A WFS 3.0 prototype in GeoServer; are we getting it right?

WFS 3.0

Dear Reader,

Let us start with a word of caution, this is going to be a rather technical post on the new version of the OGC WFS protocol, so do not expect nice images but rather a technical discussion about protocols, formats and the like. Good news is that you will not see much XML which is 180 degrees change with respect to working with current OGC protocols; although “everybody loves XML” this will make a few people in the GIS community happy (hey JS developer… yes, I am talking to you…). So, if you still haven’t moved away from this post, let’s deep dive into this new creature we are growing.

Our GeoServer technical lead Andrea Aime joined the WFS 3.0 hackathon this week, together with a few well-known names in the OGC and FOSS4G community to build a WFS 3 core prototype for GeoServer, delivered as a community module and available to be tested online for the braves. In the following paragraphs we are going to give some quick feedback from this experience hoping that it will help others to understand where WFS is going as well as out OGC colleagues to keep pushing forward with this effort.

About WFS 3.0

The WFS3.0 core protocol is geared towards the web and simplicity: dominated by (Geo) JSON representations, only supports WGS84 in and out, it’s schema-less, and has limited filtering and paging abilities. Everything else you’re used to see in WFS 1.1 or WFS 2 will be delivered as extensions to the core, that implementors can decide to implement, or not.  The approach is similar to WCS, small core and various extensions, helps getting started implementing the protocol and it’s a lot of help when building custom servers.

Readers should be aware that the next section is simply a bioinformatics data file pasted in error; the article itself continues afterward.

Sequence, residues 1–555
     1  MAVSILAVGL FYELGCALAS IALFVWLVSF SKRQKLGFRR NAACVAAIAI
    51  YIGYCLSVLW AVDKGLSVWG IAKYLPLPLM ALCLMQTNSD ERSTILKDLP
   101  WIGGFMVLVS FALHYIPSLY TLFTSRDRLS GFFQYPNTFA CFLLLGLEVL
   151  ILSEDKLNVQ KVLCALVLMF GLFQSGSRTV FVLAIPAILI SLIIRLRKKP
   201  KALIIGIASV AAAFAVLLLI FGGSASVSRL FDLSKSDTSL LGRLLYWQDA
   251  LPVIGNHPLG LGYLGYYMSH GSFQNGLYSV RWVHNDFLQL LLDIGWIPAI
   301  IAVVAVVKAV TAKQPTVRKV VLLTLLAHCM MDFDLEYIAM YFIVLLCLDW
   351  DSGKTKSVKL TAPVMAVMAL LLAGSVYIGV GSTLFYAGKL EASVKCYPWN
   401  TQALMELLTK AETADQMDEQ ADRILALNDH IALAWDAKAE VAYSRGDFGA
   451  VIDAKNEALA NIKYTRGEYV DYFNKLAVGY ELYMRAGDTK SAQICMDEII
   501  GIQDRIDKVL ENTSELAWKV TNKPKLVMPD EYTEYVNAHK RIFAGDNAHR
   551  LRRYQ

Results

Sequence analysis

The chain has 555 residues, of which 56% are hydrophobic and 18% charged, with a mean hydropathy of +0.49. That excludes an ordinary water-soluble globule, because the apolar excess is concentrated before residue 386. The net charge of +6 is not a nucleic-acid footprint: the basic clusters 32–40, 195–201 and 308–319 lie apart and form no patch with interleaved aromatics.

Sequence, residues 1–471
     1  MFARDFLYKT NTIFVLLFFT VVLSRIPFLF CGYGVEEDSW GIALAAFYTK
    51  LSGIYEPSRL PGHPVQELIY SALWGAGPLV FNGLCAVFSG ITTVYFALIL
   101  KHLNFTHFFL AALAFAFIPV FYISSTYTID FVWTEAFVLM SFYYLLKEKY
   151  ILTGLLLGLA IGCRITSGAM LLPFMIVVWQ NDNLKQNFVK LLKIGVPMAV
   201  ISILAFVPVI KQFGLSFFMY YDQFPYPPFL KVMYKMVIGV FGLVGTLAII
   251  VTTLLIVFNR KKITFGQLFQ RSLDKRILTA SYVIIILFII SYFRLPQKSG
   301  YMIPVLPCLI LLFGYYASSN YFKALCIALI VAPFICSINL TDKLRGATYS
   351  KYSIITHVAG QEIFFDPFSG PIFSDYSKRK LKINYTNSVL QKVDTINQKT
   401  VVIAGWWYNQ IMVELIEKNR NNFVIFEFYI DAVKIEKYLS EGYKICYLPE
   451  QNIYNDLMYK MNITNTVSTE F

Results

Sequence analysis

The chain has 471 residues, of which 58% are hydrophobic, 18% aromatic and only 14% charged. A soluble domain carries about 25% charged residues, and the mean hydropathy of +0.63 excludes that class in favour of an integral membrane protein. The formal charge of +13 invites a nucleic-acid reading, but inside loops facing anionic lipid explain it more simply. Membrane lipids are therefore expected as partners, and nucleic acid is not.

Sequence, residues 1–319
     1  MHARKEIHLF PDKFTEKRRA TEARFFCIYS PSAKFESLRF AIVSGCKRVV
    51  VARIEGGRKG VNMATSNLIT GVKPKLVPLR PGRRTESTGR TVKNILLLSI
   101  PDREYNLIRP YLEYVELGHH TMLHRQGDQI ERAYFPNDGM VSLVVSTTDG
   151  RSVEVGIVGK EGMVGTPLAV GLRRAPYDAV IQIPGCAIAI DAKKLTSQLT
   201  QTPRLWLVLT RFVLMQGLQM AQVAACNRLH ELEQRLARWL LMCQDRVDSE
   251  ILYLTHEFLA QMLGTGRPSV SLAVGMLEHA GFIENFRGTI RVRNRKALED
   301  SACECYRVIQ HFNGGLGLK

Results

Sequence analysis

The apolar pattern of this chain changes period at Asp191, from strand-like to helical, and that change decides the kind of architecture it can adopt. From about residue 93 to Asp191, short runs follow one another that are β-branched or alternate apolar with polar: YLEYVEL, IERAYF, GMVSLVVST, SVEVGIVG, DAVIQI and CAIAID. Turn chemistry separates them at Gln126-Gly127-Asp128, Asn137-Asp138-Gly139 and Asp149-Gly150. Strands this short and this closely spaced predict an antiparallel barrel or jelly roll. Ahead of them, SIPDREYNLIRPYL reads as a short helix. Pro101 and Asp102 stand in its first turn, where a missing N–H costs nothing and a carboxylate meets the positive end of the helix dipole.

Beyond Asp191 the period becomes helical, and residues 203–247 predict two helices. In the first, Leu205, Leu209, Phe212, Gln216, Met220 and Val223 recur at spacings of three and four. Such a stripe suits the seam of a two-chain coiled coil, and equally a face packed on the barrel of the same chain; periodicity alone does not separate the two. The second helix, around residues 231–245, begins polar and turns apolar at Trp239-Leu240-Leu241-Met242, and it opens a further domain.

Going back to core, the equivalent of a “capabilities” document is split into two, a “contents” document simply listing the available layers, and a “api” document, OpenAPI 3.0 in particular, describing the details of how calls should be made. Eventually, a last set of call can be made to get features, in one of the supported formats (GeoJSON, GML, HTML).

Implementing WFS 3.0 in GeoServer

We joined the hackathon with no previous preparation or code, everything was started from scratch in a new community module. Had it been a traditional OGC specification, implementing the required parts of the protocol would have been “mission impossible”.

Thankfully WFS 3.0 core is pretty simple, while still supporting the basic needs of web clients, and we could leverage some existing facility in terms of spatial filtering, paging and  GeoJSON encoding. Here are a few example links from the GeoServer prototype:

Mind you, those links should be only used to get a feeling, the community module is not a complete nor fully correct implementation of WFS 3.0 core. That said, a couple of experimental clients can already successfully extract data from GeoServer WFS 3.0, including the new GDAL/OGR experimental driver.

Conclusions and Feedback